9 Reviews

  1. Nicholas Jayaputra
    Nicholas Jayaputra 25 Comments
     -  23 Mar 2018

    Excellent

    The antique market is really popular here and very famous.

    It is a street which houses a lot of street stalls and shops that focus on selling antique products. It offers a variety of products from houseware to decorative items. Most of the prices seem not negotiable and is not that cheap either. However, if you’re a collector or looking for something unique, this is the place to go.

  2. Leanne Emily
    Leanne Emily
    United Kingdom 24 Comments
     -  04 Mar 2018

    Excellent

    Portobello Market is a must see if you are into anything vintage! There are a variety of stalls with edgy clothing, one of a kind jewelry pieces and retro handbags.
    Another particular favourite is Camden Market, they have some amazing food stalls here to keep an eye out for. Give yourself a few hours at either market to allow enough time for browsing – in the summer they get particularly crowded, visit on a week day if you can to slightly avoid crowds.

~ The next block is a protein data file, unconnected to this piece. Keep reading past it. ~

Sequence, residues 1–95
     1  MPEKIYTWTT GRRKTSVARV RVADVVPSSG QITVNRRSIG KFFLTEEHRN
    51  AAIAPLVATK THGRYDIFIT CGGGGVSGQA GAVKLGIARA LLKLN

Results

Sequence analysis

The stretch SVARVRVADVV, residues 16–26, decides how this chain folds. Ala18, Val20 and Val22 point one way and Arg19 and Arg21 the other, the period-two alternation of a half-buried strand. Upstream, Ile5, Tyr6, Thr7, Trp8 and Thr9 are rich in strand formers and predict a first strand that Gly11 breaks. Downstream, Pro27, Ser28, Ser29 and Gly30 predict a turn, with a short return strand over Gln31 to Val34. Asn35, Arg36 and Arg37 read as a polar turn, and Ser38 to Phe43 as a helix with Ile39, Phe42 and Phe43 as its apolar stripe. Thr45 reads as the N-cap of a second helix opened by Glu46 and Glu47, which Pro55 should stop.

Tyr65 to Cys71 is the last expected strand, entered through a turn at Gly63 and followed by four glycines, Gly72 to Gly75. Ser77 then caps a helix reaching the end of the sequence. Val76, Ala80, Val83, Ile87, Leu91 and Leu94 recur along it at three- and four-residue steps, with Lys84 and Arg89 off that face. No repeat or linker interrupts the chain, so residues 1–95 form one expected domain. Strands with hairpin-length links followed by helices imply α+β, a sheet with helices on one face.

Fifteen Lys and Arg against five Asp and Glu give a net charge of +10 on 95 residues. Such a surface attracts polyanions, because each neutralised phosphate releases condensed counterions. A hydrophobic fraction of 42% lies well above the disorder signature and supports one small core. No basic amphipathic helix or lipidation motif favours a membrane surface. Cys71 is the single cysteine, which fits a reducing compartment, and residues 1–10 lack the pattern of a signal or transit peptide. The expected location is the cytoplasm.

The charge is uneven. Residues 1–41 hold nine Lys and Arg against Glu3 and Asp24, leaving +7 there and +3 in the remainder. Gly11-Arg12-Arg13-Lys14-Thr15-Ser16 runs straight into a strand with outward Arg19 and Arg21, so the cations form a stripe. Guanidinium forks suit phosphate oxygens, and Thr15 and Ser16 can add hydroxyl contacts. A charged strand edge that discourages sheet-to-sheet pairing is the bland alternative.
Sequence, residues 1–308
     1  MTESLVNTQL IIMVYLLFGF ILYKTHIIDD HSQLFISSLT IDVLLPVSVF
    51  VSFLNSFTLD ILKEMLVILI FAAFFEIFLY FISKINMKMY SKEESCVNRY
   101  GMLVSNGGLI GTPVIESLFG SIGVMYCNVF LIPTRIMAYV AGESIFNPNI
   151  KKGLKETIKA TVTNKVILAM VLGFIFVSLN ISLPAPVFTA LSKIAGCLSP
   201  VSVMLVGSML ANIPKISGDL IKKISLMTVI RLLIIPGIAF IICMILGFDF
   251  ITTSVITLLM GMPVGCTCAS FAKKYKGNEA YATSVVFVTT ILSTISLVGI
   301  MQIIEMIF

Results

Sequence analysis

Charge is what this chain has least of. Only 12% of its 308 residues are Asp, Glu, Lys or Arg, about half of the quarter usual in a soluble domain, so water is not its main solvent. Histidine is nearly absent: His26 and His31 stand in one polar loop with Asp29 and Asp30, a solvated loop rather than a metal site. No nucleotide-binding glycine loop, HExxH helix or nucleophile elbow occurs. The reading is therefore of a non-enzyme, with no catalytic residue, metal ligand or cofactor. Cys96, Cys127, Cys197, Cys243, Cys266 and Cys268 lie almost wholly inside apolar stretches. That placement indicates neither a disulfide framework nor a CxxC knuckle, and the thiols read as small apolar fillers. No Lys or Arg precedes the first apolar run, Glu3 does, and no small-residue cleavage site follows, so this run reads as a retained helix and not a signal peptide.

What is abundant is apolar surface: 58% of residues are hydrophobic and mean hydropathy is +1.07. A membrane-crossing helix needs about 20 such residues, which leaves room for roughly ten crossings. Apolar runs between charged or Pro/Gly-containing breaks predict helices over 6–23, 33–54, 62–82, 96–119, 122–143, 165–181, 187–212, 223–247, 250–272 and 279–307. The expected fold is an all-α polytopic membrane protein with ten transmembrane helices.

There are good tube links to both markets – I normally travel from London Marylebone and it takes around 30/40 minutes for both.

  3. karlykowala
    karlykowala 26 Comments
     -  10 Jan 2018

    Fantastic attraction

    I would say that Portobello, along with Camden and Brick Lane Market are 3 of the best markets in London. Portobello I feel has a charming and friendly vibe to it and offers a lot more general antiquities, jewellery and vintage ware if that’s what you are looking to buy. There are other stores offering many quality rugs beautiful imported handcrafted furniture Be sure to check out what day is best to go to the market depending on what it is you’re hoping to get.